The City Magazine Since 1975

Racing the Wind

Racing the Wind
June 2019

A brief history of the Lowcountry's longest-running regatta

It wouldn’t be summer without dinghies slicing through Charleston Harbor, such as these boats photographed by Morton B. Paine Jr. during the Carolina Yacht Club Regatta on July 23, 1936. The club hosted its first competition on July 14, 1883—the same year it was founded—and has held a summer race most years since. While local interest in recreational sailing wavered in the early 20th century (races dwindled to a scant number of boats and ceased altogether at times between World War I and the Great Depression), sailing competitions surged in popularity after Gaillard Dotterer took the helm as commodore of the club in 1932. His reimagined events, which incorporated receptions and dances alongside more regattas, saw 60-plus vessels attending the 1938 annual race. To this day, the club holds a July competition, called the “Carolina Yacht Club Open Regatta,” which is the largest and longest-running in the Lowcountry. The race series boasts more than 130 skippers each year, a far cry from the seven that participated in the club’s first regatta more than a century ago.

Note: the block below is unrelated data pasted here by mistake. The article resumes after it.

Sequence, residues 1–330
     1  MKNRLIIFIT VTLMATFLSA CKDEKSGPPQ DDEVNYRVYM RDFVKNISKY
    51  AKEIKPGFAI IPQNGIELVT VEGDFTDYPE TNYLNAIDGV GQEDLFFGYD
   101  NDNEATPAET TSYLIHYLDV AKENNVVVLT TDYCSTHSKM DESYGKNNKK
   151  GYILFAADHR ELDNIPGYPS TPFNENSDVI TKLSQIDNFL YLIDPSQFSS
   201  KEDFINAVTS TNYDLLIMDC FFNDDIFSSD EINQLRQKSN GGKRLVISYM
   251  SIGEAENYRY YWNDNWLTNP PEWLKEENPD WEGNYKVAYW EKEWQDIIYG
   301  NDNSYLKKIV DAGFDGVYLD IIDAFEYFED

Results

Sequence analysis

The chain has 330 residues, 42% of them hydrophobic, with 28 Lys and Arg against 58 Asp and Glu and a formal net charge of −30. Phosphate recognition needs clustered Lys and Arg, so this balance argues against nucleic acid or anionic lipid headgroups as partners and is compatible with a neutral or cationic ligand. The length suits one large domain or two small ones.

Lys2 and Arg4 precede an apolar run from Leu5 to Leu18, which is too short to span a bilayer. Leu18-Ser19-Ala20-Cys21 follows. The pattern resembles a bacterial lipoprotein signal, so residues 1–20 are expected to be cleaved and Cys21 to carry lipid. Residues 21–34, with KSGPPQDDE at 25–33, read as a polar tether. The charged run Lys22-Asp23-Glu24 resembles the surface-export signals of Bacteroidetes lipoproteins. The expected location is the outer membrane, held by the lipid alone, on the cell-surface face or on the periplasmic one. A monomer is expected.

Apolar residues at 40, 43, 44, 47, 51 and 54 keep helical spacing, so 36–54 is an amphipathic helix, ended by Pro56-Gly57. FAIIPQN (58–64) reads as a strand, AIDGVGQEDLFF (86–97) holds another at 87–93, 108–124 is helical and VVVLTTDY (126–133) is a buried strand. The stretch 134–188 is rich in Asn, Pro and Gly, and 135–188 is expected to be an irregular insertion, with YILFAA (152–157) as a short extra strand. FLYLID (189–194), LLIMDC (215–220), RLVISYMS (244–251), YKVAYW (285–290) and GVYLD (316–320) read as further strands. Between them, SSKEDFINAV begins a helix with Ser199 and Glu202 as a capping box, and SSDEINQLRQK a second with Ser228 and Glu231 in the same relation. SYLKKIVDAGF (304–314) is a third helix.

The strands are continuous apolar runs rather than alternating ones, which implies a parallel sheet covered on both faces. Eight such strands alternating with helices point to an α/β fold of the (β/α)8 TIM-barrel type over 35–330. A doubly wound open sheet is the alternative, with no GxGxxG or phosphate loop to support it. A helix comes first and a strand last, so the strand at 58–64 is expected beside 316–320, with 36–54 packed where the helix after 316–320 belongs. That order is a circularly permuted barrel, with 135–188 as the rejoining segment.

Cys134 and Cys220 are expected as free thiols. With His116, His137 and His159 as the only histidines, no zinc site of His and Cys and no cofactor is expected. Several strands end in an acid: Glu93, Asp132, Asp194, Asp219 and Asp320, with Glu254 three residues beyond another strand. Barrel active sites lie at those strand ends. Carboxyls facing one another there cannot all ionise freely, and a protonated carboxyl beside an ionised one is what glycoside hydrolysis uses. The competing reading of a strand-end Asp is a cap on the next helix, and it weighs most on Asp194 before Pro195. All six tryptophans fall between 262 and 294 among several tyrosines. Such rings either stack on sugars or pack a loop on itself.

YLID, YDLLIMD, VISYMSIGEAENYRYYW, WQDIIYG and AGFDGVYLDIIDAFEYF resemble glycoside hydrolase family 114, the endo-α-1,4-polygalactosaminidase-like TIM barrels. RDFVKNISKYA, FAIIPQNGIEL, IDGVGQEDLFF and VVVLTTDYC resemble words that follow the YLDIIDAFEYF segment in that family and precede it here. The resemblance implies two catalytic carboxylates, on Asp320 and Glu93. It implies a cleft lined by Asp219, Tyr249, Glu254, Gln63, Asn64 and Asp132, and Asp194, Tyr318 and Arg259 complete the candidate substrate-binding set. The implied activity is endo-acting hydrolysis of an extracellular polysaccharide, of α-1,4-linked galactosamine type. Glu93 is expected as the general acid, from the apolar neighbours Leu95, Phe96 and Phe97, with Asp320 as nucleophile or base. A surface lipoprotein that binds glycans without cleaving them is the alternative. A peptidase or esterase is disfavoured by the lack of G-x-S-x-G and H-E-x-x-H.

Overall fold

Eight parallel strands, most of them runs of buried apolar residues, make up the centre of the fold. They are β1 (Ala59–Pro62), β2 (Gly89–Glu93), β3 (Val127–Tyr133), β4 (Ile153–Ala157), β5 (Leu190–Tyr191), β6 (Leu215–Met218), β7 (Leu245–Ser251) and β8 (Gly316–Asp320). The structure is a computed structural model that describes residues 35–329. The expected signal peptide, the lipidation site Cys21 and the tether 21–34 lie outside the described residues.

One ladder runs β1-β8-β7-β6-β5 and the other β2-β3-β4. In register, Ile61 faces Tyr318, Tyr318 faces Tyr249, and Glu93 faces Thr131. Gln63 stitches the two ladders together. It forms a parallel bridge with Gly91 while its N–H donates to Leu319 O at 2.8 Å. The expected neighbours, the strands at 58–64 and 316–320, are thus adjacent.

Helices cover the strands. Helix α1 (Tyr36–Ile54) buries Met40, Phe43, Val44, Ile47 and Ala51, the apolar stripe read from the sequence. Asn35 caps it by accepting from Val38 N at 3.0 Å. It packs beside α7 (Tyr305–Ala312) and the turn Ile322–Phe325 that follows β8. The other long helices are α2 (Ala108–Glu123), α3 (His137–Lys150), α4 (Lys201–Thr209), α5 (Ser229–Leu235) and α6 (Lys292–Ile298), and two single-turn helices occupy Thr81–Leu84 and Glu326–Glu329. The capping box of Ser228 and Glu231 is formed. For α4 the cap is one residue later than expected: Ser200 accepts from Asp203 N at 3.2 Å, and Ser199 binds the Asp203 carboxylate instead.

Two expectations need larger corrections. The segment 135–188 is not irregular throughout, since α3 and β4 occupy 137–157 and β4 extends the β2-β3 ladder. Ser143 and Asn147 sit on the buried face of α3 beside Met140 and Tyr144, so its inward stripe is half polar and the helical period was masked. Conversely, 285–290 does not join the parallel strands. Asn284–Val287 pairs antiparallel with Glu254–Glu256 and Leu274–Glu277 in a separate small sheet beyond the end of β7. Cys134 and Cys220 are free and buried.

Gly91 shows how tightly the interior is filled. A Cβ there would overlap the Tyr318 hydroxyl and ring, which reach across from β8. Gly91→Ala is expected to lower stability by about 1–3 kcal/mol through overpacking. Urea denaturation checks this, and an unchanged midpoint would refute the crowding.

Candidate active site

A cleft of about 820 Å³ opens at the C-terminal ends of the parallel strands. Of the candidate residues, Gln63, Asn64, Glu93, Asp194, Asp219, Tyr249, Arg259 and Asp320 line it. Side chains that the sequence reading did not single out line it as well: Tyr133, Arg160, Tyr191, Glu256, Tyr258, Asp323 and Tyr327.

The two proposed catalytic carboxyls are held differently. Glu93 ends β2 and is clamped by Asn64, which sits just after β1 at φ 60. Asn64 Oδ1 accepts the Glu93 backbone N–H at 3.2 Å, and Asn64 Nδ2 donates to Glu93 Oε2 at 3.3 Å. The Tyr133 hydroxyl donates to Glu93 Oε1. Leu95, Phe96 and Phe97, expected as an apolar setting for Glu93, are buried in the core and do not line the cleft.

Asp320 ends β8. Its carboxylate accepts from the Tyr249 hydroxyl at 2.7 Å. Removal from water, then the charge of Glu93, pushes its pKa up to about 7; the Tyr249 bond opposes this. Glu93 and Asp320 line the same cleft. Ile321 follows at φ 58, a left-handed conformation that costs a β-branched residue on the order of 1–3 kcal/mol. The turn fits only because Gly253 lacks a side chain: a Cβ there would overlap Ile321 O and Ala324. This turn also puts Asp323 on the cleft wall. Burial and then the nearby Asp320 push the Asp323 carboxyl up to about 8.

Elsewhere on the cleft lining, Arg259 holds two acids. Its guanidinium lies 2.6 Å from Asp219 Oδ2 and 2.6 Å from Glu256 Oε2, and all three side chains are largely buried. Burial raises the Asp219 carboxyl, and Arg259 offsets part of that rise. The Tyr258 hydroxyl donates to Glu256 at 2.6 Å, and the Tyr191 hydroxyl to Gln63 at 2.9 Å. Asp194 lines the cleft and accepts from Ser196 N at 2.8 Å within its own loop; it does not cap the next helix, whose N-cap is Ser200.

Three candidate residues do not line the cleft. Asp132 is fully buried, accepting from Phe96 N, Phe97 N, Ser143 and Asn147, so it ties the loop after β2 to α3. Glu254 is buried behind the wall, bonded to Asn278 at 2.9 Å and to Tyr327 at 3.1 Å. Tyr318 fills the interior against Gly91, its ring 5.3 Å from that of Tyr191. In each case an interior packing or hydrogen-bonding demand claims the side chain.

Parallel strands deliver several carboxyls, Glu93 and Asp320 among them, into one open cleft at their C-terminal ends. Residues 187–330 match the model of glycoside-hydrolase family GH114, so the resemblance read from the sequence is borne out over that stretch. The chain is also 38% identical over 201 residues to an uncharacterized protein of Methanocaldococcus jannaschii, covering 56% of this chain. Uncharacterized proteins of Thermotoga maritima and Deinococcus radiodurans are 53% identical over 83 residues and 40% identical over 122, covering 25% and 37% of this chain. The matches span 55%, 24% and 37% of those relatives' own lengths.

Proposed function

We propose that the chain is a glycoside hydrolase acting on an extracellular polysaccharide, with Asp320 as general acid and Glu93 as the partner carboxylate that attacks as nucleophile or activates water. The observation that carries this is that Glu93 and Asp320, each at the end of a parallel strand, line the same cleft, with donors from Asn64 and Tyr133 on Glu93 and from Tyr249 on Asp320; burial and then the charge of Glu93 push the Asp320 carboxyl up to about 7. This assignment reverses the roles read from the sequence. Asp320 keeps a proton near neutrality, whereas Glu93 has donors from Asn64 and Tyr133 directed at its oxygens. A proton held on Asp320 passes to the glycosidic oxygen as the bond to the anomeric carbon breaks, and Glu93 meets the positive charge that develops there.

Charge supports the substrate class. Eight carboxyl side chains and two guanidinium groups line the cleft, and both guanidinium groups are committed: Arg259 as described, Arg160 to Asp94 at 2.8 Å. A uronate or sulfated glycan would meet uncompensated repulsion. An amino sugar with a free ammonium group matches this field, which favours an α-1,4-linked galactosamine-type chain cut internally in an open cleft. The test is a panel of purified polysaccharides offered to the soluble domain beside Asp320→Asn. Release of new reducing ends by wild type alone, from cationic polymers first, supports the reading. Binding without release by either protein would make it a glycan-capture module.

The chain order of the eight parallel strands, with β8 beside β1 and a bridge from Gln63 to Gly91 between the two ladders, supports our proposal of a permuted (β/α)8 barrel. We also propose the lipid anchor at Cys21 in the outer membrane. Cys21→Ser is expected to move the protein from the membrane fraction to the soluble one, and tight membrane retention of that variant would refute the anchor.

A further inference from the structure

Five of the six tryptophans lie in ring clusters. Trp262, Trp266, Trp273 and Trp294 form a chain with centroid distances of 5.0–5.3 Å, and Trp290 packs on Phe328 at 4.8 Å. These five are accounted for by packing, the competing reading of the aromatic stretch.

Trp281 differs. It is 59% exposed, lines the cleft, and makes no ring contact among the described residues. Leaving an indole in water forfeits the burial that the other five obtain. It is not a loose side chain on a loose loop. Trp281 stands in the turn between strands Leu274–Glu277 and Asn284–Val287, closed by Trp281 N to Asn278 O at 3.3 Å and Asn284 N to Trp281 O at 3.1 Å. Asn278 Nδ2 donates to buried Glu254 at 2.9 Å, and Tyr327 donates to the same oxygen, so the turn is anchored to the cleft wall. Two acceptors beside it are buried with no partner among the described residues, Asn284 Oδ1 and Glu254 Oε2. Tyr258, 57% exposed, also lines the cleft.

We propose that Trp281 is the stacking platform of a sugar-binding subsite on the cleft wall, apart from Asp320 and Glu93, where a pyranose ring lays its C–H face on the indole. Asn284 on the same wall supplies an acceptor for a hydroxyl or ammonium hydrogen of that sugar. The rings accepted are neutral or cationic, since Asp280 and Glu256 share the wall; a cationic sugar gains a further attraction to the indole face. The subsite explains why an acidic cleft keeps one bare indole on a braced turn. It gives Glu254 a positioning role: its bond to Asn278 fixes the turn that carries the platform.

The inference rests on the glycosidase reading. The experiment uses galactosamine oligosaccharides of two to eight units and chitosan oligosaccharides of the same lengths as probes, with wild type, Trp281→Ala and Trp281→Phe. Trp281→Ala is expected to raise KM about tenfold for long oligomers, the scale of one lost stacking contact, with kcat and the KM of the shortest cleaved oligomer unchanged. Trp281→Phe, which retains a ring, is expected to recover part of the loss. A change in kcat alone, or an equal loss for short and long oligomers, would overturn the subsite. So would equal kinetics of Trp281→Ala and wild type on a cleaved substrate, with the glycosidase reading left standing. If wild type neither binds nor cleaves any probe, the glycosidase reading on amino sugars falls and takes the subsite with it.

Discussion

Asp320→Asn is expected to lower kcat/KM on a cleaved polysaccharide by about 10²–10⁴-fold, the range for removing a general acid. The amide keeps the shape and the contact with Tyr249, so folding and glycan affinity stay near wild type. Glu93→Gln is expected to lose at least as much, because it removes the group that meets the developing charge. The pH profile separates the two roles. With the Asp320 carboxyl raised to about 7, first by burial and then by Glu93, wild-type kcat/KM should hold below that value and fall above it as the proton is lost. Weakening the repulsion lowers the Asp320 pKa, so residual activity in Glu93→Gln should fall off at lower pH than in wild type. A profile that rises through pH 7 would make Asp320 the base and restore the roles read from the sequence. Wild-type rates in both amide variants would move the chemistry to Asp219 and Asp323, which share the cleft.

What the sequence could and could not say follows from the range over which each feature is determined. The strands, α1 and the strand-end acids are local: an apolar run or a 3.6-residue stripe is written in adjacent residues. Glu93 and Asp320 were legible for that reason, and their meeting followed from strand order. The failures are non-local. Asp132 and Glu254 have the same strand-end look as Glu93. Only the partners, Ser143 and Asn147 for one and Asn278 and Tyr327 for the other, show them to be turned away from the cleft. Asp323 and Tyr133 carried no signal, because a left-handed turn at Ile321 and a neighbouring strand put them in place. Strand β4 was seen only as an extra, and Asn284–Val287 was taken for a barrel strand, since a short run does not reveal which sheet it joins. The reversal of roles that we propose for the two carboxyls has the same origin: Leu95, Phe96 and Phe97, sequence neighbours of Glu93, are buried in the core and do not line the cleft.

Photograph by Morton B. Paine Jr., courtesy of The Charleston Museum